Aetna Inc. reported a stronger profit for its second quarter, boosted by limited medical spending and better-than-expected results from Affordable Care Act programs intended to reduce insurers' risk on health-law insurance plans.
The insurer highlighted the growth and future prospects in its government business, particularly its continuing expansion in Medicare Advantage, the plans sold by private insurers under the federal program, as it continued detailing its strategy after the failure of its effort to buy Humana Inc. That deal was terminated in February after a federal judge ruled it would violate antitrust law.
Aetna on Thursday raised its full-year earnings outlook, lifting its adjusted earnings on a per-share basis by 60 cents at the midpoint to $9.45 to $9.55; analysts projected $8.89 a share. In May, Aetna projected earnings of at least $8.80 a share.
In all for the second quarter, Aetna reported a profit of $1.2 billion, or $3.60 a share, compared with $790.8 million, or $2.23 a share, a year earlier. Revenue fell 2.5% to $15.5 billion.
The Hartford, Conn., company attributed its quarterly earnings expansion to disciplined pricing and an effective growth strategy, and said its year-ago results were affected by transaction-related costs tied to the now-ended Humana deal. The company also benefited from moderate health-care spending, and specifically said it did better than expected in holding down pharmacy costs, excluding specialty medications. "Across the board, virtually every metric looks good" on medical-spending trends, said Chief Financial Officer Shawn M. Guertin in an interview.
Mr. Guertin also said the insurer's future appetite for deals focused on government business, though he said Aetna wanted acquisitions that brought new capabilities, rather than just additional membership. He said Aetna was also interested in bolstering its international business. It recently bought a small insurer in Thailand.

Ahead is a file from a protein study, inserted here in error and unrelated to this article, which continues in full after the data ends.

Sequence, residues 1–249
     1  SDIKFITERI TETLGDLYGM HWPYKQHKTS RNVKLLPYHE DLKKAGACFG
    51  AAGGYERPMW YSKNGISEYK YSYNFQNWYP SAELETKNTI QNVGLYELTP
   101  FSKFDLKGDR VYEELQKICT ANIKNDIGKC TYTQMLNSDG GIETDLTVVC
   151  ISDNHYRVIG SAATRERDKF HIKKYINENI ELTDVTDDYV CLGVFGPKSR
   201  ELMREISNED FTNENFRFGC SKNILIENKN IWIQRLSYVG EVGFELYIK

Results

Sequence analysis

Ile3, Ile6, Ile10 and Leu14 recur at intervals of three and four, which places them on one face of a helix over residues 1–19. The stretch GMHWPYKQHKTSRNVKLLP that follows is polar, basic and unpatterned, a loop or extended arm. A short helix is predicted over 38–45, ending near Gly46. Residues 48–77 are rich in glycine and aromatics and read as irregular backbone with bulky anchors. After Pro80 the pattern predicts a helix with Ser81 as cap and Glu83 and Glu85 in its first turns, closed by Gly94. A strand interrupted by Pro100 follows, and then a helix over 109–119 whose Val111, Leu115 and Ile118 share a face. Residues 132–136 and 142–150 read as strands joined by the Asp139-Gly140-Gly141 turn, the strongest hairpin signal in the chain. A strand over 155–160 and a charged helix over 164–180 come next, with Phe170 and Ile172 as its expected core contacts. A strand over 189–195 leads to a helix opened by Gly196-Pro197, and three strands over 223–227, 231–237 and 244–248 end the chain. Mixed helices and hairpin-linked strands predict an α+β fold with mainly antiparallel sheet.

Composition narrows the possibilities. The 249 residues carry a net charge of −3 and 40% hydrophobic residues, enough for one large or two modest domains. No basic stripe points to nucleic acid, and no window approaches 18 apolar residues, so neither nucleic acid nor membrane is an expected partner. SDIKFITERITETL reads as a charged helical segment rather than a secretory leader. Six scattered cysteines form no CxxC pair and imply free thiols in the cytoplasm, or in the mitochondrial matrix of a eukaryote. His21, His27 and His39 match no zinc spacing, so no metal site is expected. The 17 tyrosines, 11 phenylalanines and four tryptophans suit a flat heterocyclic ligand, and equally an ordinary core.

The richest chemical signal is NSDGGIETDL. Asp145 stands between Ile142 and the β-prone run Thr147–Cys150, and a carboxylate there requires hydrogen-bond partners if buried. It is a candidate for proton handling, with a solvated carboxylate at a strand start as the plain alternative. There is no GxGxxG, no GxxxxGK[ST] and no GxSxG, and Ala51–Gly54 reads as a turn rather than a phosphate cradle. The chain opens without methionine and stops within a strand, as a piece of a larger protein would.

In the second quarter, Aetna also saw upside because it did better than it had projected on two ACA programs, known as risk adjustment and reinsurance, for which the federal government recently calculated outcomes based on 2016 performance. Aetna had to pay out less to its competitors for the risk-adjustment program than it had planned, and received more from reinsurance. The insurer said the two programs together generated an earnings benefit of around $170 million for the quarter, or 45 cents a share.
Aetna previously announced plans to next year exit the ACA exchange business, which has generated losses and is expected to do so again this year, despite the results of the risk programs. The insurer already shrank its footprint sharply in 2017. Aetna said that at the end of the second quarter, it had about 240,000 enrollees in ACA plans, with about 180,000 of those having purchased their coverage through a health-law exchange.
But Aetna Chief Executive Mark Bertolini warned that the insurer's costs on that business might rise late this year, as enrollees, alarmed at the uncertainty about the law's future amid debate in Washington, seek to get medical care while they still have insurance. "You have individuals who are sitting there with coverage not knowing whether they'll have it next year," he said. "And for those individuals, a run on the bank is more likely the longer the uncertainty continues into the fourth quarter."
Mr. Guertin said that to consider returning to the ACA exchanges in the future, "we need some sense of a stable and predictable marketplace....That doesn't seem to be on the horizon right now." Mr. Guertin said that in addition to leaving the ACA exchanges, Aetna will "in essence" also pull out of the business of selling individual plans outside the exchanges next year. Insurers that exit completely from a state's individual market can be locked out for five years, though state regulators might have some flexibility in administering their rules.
Aetna's overall revenue in the second quarter fell 2.5% from a year ago, reflecting lower premiums in the company's health-care segment tied to the smaller ACA business. Despite the decline, revenue was buoyed by higher yields in commercial and government businesses and growth in membership for Medicare products.
Write to Anna Wilde Mathews at firstname.lastname@example.org
(END) Dow Jones Newswires
August 03, 2017 11:58 ET (15:58 GMT)